When I drew this sketch I had no intention of showing it to anyone. Ever.
That was the beginning of this year. I was recently back to work after maternity leave, and for 6 months I had sat on the sidelines of my ministry and tended to our third child. It had been tough. I thought that being a mum third time around would be something I could do with my eyes closed. It wasn’t and I couldn’t.
I had planned to continue an element of my priestly ministry while on maternity leave. And to an extent, I did. I know some people question the wisdom of that decision. It’s one I took seriously and for me it was the right thing to do. But balancing these commitments with a failure to thrive baby, expecting “easy” and getting “tough”, led to something of an identity crisis.
Was I a bad mum for even trying to keep a part of my ministry going through these precious months?
Was I a bad priest for having a third baby? (yep – those irrational postnatal hormones were rife!)
Here were two vocations – two ways of living – coming together and working out how to coexist. As a priest who is a parent, and a parent who is a priest, this is a source of both agony and joy for me.
How can I give my all to being a good parent, as biology drives me to do?
How can I give my all to being a good priest, as I have been formed and trained to do since first sensing a call to this half a lifetime ago?
How can I do both these things that are not mere ‘jobs’, but calls to ‘be’, when they sometimes seem to be at odds, each demanding every small piece of me and taking everything I have?
Last time I seriously wrestled with this stuff, this sketch was my attempt to work through the pain of this. The chalice and paten at an abandoned table. The empty sanctuary. The messy house. The screaming baby. The kind, compassionate children. The hollow, torn apart mum-priest ready to leave the house but getting nowhere. The darkness and shadow and out-of-reach window. A sense of being trapped in one place, while the other place waits, empty.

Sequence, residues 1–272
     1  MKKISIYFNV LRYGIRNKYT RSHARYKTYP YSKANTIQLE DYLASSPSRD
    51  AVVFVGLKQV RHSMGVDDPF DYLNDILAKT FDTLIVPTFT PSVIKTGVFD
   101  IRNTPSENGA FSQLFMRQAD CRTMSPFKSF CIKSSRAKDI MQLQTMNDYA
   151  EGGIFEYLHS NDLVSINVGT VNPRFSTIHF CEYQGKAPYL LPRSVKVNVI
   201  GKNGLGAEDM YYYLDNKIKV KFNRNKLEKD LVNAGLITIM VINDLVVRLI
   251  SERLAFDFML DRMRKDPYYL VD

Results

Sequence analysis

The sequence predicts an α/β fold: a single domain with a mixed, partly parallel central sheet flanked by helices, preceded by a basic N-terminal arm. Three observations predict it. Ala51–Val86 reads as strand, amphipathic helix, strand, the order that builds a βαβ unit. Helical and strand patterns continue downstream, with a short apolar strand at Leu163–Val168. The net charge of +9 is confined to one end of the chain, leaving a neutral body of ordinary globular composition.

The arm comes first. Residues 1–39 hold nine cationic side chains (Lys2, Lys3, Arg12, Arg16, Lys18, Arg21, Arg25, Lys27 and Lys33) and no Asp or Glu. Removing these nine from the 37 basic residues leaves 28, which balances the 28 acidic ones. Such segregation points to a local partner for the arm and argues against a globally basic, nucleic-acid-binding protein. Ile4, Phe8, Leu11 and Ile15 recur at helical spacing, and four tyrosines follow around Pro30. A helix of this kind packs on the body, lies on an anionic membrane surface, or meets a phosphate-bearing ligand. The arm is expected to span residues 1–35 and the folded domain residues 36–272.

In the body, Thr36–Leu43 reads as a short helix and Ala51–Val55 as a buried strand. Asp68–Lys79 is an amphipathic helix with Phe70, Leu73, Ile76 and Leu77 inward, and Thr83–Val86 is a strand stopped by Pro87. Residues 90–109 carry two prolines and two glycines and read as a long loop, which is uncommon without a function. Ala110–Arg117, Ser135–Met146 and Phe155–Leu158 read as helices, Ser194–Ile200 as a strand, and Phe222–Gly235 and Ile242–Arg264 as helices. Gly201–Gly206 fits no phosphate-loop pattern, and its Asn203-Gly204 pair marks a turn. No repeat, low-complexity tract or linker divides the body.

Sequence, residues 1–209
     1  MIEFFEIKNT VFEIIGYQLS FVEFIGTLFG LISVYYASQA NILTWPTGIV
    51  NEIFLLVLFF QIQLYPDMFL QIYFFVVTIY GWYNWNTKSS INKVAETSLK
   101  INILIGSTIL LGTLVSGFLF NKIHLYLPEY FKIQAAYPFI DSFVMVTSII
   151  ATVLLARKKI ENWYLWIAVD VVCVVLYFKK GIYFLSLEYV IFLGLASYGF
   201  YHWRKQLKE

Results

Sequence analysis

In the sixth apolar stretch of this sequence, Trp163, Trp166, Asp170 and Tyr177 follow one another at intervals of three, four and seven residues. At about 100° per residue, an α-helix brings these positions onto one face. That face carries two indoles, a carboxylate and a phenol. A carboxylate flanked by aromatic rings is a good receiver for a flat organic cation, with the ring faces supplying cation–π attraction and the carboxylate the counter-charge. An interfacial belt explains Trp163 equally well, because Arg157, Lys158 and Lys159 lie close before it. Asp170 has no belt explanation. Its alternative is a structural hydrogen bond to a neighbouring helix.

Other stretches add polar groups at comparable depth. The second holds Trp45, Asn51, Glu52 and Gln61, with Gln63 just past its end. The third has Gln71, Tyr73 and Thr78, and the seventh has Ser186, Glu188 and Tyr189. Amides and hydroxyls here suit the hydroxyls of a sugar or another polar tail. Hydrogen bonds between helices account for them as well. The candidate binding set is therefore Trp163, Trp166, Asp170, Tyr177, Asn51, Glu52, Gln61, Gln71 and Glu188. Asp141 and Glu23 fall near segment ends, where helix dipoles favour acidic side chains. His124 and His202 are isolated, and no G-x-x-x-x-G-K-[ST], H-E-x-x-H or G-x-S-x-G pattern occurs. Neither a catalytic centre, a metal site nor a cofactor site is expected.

In other moments the picture could probably function the other way around: the demands of ministry crowding out bewildered children who wait patiently for their mum to come home and play.
I’m in a better place at the moment. I know that being a parent and a priest are not incompatible roles, and that each nurtures, informs and gives energy to the other. I know that because, on the good days, that’s how it works. That’s why I’m still in ministry, and still loving it, with three kids under 5.
The reason I’m sharing this, is because recently I have heard others say that they, too, struggle with this constant juggling. Once or twice, I’ve shown them this picture. And so I’m showing you, in case it helps you.
What balls are you juggling?
What plates are you spinning?
Go on – even just mentally.
In how many directions are you being pulled?
How many roles are you holding in tension?
How close do you feel to it all coming crashing down?
And I want to say this.
It’s okay. It’s okay to feel like this.
It can be a dark place to be in.
I know – I go there often, and I’m a priest.
(Priests go to dark places more than most people realise)
But if you feel like this, don’t ignore it.
Draw it, sing it, write it, exercise it out – but don’t keep juggling.
Drop a ball.
Smash a plate.
And when you do, be kind to yourself.
For me, this means remembering that I am not perfect. The illusion that I am gives my ego a boost, but eventually it is only myself that I disappoint.
I’m not perfect. And that’s why I’m happy to show this picture and share this particular journey.
That is all I have to be.
That is all YOU have to be.
And sometimes not even that.
And that’s okay.